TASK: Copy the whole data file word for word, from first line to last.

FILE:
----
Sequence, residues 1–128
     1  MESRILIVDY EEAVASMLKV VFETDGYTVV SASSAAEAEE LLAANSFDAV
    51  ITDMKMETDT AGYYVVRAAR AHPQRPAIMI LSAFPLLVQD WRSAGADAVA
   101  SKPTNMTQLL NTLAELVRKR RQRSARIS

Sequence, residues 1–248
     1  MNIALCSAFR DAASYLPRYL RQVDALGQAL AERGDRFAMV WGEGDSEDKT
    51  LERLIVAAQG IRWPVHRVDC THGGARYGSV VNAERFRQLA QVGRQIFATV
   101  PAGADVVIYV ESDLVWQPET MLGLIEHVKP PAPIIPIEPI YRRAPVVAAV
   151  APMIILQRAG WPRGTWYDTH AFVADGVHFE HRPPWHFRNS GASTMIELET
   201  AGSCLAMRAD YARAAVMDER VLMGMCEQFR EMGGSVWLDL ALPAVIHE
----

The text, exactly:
Sequence, residues 1–128
     1  MESRILIVDY EEAVASMLKV VFETDGYTVV SASSAAEAEE LLAANSFDAV
    51  ITDMKMETDT AGYYVVRAAR AHPQRPAIMI LSAFPLLVQD WRSAGADAVA
   101  SKPTNMTQLL NTLAELVRKR RQRSARIS

Sequence, residues 1–248
     1  MNIALCSAFR DAASYLPRYL RQVDALGQAL AERGDRFAMV WGEGDSEDKT
    51  LERLIVAAQG IRWPVHRVDC THGGARYGSV VNAERFRQLA QVGRQIFATV
   101  PAGADVVIYV ESDLVWQPET MLGLIEHVKP PAPIIPIEPI YRRAPVVAAV
   151  APMIILQRAG WPRGTWYDTH AFVADGVHFE HRPPWHFRNS GASTMIELET
   201  AGSCLAMRAD YARAAVMDER VLMGMCEQFR EMGGSVWLDL ALPAVIHE